A Week after Singapore

The historic meet up between North Korea and the US produced a page and a half ‘agreement’. This released result was all the public has been given to date. Behind the scenes, the world is assured, much is in the works. New meetings are planned. In North Korea, an initial campaign of politics with posters […]

It Could’ve Been Worse

After the Singapore summit, the commentators, op-ed writers, columnists, analysts, foreign policy experts and seemingly everyone within reach of a keyboard or smartphone all have an opinion. Who are we not to join in with StratDem’s opinion? Consider the alternative to negotiating, “politics by other means”, war and potential catastrophic use of nuclear weapons

Prepared, or Not Prepared

“I think I’m very well prepared. I don’t think I have to prepare very much. It’s about attitude, it’s about willingness to get things done. So this isn’t a question of preparation, it’s a question of whether or not people want it to happen, and we’ll know that very quickly.”

Surviving Victory: Updated

A decade ago, Strategic Demands founders put together a unusual conference in Washington DC. Entitled “Surviving Victory”, an ominous look at the security horizon. The conference brought together one of our own, Roger Morris with his National Security Council and political historian experience, and experts such as Steve Clemons, Susan Rice, Pentagon expert Winslow Wheeler […]

“Complete Denuclearization”

The nuclear question, the crisis, revolves around “CVID”. You ask, CVID? We answer, Complete, Verifiable and Irreversible Dismantlement (or Denuclearization?). Then we add calls for “complete nuclearization” on the Korean peninsula. Then we add — when, where, how, why. The world is asking for nuclear deescalation and not just on the Korean peninsula   Update: […]

May 8th, 2018

The lies of the Iraq war and subsequent disaster now shift toward an Iran disaster. After listening this past week to Israel’s PM present his country’s official POV regarding Iran, although it veered widely from top U.S. security officials public statements and testimony before Congress, the U.S. president has decided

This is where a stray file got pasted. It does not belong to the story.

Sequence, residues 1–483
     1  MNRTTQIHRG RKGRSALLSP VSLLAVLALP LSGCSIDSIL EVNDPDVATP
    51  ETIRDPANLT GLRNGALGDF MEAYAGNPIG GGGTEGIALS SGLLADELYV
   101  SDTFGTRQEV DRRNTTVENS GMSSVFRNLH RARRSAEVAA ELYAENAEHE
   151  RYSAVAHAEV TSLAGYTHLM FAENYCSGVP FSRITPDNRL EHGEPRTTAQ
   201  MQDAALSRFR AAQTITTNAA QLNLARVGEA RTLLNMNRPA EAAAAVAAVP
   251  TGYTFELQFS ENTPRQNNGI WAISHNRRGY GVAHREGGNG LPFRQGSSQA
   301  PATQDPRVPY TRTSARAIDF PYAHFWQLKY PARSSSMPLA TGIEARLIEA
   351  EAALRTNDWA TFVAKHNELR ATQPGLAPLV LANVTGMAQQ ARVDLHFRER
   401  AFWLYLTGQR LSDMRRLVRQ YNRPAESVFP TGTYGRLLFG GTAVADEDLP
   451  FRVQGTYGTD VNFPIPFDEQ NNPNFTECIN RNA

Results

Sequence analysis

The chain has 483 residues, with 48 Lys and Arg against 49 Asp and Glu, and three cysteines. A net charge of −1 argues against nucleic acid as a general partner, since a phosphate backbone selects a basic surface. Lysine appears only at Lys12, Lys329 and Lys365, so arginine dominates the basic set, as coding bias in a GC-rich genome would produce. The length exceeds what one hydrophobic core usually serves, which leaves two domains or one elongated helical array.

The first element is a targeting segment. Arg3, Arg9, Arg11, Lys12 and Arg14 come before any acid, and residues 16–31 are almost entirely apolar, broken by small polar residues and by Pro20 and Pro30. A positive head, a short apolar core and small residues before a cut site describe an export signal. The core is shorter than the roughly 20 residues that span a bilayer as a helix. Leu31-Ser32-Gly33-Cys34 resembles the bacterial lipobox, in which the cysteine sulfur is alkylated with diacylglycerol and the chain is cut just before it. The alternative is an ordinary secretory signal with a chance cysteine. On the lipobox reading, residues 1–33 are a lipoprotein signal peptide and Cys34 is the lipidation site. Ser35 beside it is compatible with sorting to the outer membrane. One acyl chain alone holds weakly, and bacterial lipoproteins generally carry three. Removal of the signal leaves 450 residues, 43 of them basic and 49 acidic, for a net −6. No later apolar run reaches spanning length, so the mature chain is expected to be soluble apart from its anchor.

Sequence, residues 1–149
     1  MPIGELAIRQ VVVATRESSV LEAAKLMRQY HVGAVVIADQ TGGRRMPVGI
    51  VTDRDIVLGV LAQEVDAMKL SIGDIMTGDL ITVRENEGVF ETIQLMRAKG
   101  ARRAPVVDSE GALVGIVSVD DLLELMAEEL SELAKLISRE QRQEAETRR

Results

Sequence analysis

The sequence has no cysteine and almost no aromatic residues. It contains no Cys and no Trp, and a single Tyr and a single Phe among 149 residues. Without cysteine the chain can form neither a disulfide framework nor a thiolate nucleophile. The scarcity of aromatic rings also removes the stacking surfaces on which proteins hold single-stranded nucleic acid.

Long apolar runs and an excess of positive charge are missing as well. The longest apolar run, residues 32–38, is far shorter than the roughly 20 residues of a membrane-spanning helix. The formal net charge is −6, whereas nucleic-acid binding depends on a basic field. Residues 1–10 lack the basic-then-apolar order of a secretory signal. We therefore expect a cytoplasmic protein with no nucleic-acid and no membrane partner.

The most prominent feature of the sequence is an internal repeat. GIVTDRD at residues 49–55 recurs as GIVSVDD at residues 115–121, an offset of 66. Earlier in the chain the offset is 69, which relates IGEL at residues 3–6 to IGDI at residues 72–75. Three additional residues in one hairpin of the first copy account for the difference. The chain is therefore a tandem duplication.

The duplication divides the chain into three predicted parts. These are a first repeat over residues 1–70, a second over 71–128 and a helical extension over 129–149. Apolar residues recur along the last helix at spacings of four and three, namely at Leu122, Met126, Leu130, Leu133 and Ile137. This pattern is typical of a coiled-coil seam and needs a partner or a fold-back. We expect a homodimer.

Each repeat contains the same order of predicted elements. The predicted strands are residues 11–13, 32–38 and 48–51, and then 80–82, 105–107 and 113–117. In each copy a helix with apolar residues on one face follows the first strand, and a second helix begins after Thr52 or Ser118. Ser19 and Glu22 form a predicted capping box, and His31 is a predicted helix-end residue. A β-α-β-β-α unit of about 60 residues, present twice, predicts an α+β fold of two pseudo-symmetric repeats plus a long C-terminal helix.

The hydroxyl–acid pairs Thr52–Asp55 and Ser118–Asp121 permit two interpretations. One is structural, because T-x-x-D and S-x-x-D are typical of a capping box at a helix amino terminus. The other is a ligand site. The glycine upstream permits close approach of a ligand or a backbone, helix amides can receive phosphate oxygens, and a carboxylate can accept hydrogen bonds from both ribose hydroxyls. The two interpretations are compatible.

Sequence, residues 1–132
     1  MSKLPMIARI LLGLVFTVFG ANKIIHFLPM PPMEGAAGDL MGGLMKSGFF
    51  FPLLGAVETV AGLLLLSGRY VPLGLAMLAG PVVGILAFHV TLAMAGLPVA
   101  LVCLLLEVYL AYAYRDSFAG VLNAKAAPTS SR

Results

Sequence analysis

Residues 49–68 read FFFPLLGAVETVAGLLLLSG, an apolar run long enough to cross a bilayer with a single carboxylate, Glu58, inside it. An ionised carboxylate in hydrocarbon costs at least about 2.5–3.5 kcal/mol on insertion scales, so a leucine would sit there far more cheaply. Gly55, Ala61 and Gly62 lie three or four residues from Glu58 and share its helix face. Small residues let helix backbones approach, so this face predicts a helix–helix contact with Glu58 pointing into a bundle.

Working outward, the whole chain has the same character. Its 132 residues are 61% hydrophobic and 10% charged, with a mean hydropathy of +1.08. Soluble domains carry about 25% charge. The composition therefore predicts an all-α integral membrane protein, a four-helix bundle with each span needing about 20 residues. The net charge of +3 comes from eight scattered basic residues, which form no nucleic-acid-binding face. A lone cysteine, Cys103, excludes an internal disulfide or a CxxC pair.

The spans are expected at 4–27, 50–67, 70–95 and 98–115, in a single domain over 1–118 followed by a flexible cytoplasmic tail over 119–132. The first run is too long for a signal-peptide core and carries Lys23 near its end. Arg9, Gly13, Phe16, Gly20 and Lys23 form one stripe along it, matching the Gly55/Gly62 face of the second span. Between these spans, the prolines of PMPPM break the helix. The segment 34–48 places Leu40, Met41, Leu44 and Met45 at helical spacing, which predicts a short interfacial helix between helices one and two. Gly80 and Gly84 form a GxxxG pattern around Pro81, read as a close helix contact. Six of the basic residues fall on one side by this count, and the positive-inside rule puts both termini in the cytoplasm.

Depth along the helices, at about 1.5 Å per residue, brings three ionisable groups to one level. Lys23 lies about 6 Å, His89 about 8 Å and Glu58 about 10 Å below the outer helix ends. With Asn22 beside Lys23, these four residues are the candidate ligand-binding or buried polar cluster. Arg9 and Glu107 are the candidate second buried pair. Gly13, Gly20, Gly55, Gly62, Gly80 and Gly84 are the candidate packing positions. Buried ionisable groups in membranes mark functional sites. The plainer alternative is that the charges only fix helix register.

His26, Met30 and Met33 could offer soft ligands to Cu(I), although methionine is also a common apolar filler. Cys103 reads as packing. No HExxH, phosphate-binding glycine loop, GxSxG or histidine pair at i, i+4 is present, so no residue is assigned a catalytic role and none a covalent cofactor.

Now Negotiation

The U.S. president threatens to throw out the Iran international agreement to prevent Iran from acquiring nuclear weapons. He wants to renegotiate in the Mideast. At the same time, he says he is going to meet with North Korea’s leader to ‘denuclearize the peninsula’. Agreements ended, allies lost, opportunities gained?

Mike Pompeo, Next Up

As White House cabinet officials, aides and staff rapidly come and go, today comes Mike Pompeo. The CIA chief nominated to replace the recently departed Secretary of State, Rex Tillerson, delivers a close presidential relationship and promises “not to play games at the negotiating table”

Blowback Risks, Asymmetrical Conflict

What’s an appropriate response to news of an unexpected meeting in Beijing and newest moves by the US president threatening trade war with China? The first shots in the trade war are now fired, global markets are responding, and the visit of N. Korea’s leader to meet the Chinese president signal a new asymmetrical conflict […]

May in Korea

Tom Nichols Makes His Case. Strategic Demands’ editor responds… Former US Defense chief, William Perry, weighs in… Negotiating horizon? Time to prep? Two months. Negotiating prep to date? No visible prep. Korean Ambassador? No US Ambassador. Nuclear weapons experts? Arms Control team? Questionable at best. Winging it? Admittedly. Other options? War. Nuclear war.  Dead-Hand Disaster.

Korean Talks, March 6th, 2018

Announced breakthrough in talks between North / South Korea…   1) Breaking: 2 Koreas 5 pt agreement: 1. inter-Korean summit end of April at Panmunjeom, 2. establish hotline between Moon-Kim to reduce tensions & consult, 3. NK has will to denuclearize, no reason to have nukes if security guaranteed, willing to have frank talks with US…

Nuclear Ratcheting II

March 1st : Russian president Putin addresses the nation. Accompanied by large screen animated demonstrations, he talks of a new generation of nuclear weapons. In the US, strategic experts question the weapons. Others begin debating the rising danger of a nuclear arms race. The US president reacts, angrily tweeting before dawn  

Renewed Nuclear Arms Race

This is what ratcheting up looks like. This time ratcheting is three-sided. China’s in the nuclear game and the new nuclear arms race extends from cruise missiles with ‘usable’ nuclear warheads to hypersonic nuclear re-entry vehicles. The US, Russia and China — and alliance partners — are racing, each pushing the other, toward strategic disaster

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